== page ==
The 24-month program in endodontics leads to an MSD (Research) degree. The didactic and clinical phases of the program are conducted at both Saint Louis University and, in close affiliation, at Southern Illinois University School of Dental Medicine, in Alton, Ill. The focus of the training program is threefold:
1 a comprehensive clinical experience involving diagnosis and treatment of all categories of nonsurgical and surgical endodontic cases;
2 the didactic core and specialty courses encompassing biomedical and clinical concepts; and
3 research related to the discipline of endodontics. The program is fully accredited by the ADA’s Commission on Dental Accreditation. Following completion of the program, graduates are educationally qualified for certification by the American Board of Endodontics.
The 36-month graduate program in periodontics leads to the MSD (Research) degree. Didactic and clinical education in graduate periodontics occurs at the host institution, Saint Louis University, as well as at the Implant Center and the main clinic at Southern Illinois University’s School of Dental Medicine. The focus of the training program is threefold:
1 an extensive and comprehensive clinical experience involving diagnosis and treatment of patients representing a wide variety of periodontal problems ranging in complexity;
2 the didactic core and specialty education that encompass the biomedical sciences as well as clinical concepts; and
3 research related to the discipline of periodontology. The program is fully accredited by the ADA’s Commission on Dental Accreditation. Following completion of the program, graduates are educationally qualified for certification by the American Board of Periodontology.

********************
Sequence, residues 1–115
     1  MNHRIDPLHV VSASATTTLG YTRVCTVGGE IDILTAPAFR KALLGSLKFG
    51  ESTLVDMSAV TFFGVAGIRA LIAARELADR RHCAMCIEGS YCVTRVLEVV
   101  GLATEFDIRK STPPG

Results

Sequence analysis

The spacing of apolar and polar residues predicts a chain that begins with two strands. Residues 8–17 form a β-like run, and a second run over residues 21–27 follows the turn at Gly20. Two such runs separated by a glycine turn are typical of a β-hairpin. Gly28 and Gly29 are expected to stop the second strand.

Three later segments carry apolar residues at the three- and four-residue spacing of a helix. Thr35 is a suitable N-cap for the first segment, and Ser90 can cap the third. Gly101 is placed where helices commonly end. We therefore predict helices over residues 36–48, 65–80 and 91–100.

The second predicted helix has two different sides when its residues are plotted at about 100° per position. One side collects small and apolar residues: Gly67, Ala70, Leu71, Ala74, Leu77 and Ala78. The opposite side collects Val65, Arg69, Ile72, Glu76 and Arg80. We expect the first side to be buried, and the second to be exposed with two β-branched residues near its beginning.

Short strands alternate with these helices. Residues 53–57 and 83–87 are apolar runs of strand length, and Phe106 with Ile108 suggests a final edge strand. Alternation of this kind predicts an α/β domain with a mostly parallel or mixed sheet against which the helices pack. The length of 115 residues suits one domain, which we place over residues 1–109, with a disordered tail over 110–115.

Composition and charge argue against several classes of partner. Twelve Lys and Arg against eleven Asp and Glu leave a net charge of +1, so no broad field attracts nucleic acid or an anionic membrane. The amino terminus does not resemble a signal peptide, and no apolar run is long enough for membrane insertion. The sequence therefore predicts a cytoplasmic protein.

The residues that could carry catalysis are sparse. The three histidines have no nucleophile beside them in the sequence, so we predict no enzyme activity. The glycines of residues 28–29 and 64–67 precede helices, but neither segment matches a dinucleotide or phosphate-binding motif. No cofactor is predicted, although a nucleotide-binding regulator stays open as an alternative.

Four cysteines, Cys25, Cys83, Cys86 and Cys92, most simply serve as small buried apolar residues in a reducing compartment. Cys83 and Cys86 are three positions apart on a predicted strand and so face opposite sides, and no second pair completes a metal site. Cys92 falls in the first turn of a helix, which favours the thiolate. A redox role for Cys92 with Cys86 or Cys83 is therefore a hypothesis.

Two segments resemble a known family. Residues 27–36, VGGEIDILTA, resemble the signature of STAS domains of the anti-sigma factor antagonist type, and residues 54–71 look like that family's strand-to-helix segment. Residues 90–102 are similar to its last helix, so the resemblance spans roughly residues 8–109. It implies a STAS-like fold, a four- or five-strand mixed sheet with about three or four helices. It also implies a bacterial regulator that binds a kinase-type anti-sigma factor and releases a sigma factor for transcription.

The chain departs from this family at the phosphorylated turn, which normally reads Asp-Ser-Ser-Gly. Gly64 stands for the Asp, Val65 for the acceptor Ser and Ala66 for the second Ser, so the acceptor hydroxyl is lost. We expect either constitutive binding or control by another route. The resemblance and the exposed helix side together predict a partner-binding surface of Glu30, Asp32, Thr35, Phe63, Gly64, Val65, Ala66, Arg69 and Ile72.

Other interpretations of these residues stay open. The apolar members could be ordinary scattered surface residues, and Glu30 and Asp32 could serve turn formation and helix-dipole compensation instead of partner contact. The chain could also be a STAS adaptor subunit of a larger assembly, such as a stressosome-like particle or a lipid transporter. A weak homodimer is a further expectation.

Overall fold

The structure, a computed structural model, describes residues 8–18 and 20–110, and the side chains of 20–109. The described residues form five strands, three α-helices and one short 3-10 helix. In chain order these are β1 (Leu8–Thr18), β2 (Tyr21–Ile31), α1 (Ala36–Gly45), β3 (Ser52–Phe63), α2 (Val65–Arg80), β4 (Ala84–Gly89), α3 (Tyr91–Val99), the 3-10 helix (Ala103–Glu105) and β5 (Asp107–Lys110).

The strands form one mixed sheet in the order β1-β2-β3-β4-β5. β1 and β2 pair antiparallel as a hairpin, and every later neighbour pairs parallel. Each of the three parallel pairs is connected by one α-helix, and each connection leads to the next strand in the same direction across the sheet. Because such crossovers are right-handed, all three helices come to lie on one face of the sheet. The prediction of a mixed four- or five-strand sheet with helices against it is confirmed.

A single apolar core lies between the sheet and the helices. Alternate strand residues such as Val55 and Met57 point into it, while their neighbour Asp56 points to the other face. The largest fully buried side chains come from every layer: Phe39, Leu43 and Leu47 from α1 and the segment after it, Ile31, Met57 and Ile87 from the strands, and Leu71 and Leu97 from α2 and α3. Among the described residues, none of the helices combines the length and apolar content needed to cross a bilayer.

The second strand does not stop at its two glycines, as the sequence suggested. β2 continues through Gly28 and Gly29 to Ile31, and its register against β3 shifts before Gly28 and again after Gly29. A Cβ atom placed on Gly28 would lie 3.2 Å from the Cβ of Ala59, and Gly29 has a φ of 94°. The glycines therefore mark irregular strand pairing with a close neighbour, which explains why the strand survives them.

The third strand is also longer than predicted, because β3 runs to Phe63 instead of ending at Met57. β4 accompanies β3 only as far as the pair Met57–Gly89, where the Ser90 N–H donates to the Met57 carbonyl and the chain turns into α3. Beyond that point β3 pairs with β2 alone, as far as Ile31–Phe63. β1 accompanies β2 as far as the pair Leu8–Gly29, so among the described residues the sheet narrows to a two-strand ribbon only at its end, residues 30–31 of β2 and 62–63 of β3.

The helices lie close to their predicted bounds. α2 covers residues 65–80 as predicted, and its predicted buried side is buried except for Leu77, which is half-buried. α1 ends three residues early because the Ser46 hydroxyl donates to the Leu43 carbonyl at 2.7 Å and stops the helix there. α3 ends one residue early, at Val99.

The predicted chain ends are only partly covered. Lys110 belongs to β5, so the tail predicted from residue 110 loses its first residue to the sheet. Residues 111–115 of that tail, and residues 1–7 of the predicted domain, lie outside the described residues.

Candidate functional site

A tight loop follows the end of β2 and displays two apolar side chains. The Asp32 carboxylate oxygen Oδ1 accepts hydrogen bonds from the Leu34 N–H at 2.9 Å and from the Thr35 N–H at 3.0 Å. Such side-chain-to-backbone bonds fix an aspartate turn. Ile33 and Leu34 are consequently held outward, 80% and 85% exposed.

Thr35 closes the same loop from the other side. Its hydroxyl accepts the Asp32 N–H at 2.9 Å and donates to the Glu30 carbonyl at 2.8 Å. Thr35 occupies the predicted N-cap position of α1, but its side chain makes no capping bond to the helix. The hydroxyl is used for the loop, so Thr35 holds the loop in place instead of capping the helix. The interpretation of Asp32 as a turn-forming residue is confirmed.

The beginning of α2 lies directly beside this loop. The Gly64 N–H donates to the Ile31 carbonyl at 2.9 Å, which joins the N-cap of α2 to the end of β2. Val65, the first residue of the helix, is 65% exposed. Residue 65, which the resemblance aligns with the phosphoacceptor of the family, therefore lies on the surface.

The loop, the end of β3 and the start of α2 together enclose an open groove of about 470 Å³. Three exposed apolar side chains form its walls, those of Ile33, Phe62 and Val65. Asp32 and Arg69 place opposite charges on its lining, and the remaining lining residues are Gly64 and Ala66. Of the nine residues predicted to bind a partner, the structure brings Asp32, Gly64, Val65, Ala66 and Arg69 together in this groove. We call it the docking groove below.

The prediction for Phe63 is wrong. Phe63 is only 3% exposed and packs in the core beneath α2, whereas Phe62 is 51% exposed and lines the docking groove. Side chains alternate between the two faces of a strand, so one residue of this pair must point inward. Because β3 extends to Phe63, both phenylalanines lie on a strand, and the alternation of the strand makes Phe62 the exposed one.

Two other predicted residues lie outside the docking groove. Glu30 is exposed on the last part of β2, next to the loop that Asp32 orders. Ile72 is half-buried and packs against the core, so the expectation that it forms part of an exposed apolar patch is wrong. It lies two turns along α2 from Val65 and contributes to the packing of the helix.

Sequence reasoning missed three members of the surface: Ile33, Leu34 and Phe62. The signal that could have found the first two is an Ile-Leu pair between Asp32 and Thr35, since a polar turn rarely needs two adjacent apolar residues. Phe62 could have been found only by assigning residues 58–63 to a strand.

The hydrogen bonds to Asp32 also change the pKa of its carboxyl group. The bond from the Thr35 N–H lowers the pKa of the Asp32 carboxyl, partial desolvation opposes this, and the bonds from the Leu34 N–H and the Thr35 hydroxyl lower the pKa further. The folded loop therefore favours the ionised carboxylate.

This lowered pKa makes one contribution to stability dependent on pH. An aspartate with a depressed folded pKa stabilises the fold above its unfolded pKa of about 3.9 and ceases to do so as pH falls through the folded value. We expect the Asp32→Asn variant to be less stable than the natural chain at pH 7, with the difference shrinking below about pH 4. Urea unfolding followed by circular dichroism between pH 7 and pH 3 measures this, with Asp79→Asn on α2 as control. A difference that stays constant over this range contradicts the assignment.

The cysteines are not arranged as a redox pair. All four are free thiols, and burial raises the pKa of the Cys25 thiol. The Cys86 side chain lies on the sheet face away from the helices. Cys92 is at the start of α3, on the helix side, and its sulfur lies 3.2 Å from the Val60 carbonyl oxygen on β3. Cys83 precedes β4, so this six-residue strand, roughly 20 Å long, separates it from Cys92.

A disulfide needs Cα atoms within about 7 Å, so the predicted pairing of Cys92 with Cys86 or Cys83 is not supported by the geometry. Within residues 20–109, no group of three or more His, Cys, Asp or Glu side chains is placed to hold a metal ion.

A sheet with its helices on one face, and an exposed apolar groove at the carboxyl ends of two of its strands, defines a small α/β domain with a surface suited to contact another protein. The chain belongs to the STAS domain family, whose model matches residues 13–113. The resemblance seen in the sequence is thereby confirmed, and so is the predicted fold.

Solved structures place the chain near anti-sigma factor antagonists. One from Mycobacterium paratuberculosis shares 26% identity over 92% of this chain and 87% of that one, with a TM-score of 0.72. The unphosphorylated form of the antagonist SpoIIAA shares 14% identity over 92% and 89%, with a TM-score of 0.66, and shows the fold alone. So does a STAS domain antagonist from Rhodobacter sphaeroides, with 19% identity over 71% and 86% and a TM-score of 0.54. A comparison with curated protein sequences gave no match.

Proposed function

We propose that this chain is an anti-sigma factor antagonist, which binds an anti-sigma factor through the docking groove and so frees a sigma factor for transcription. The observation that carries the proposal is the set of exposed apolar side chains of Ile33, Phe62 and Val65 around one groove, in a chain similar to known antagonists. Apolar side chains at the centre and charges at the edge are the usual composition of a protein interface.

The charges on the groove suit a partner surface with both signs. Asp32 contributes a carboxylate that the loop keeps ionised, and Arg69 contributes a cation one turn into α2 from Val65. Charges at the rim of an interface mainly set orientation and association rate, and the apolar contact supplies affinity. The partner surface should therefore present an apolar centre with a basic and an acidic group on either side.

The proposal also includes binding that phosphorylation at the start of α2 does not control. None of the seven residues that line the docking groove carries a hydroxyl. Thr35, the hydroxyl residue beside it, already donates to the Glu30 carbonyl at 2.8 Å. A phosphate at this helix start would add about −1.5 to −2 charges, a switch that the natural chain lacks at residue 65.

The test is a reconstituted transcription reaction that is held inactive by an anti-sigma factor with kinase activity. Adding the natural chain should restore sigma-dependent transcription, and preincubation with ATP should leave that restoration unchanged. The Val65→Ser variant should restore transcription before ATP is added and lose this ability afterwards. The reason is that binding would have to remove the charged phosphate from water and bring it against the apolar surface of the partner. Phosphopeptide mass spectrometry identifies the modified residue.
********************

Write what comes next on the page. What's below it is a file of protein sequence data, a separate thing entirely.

With the storied tradition of dental education at Saint Louis University and the quality of its existing programs, it would be easy to become complacent. However, with the significant challenges facing dental education, now is certainly not the time for complacency. CADE administrators, faculty, and staff seek to meet these challenges head-on.
Currently, CADE is in the midst of a major capital campaign that seeks to provide ample resources to achieve our mission through private donations. This campaign is wrapped around a strategic plan designed to take CADE forward in this new millennium.
It is not surprising that the strategic planning process entailed extensive collaboration among alumni, faculty, staff, students, and administrators. At Saint Louis University, this is called “Shared Vision.” The focus is on developing core values of excellence in teaching, research, and community service. The plan includes: creating an environment that respects, stimulates, encourages, and enables scholarship; advancing interactions with the people and professional communities of St. Louis; advancing the technological capabilities so that it matches contemporary practice and education models and then leads; improving the technological capabilities of the center for use in research; and encouraging innovation in educational and fund-raising activities. The strategic plan provides the framework around which the challenges facing CADE will be met as it seeks to fulfill its mission in providing dental education today.
These challenges beg the question: Why would someone give up a lucrative private practice opportunity to embrace an academic career? The answer is simply to catch a glimpse of the “snow leopard”; when a moment of insight occurs while doing research; when a struggling student finally gets it; when a graduate achieves success in the real world and gives something back. This is when you realize that academic dental medicine is not an expedition. It is a pilgrimage of the heart!
Michael Kurtz, MS, MBA, has more than 15 years of experience in health-care management and research. He is currently the business manager at the Center for Advanced Dental Education at Saint Louis University in St. Louis, Mo. Kurtz owns his own dental practice management consulting firm, Provident Practice Group, LLC. Kurtz can be contacted by telephone at (314) 977-8603 or via e-mail at KurtzME@slu.edu.
Take plenty of floss! That’s what travel writers Irv Green, DDS, and Andrea Gross learned when they taught English in China recently. Volunteer vacations give you a first-hand look at things tourists never see. Dentists in some countries - like Dr. Gary Seiden (pictured above), a volunteer dentist in Ecuador - work with local dentists. Visit www.dentaleconomics.com for more. (Photo by Global Volunteers)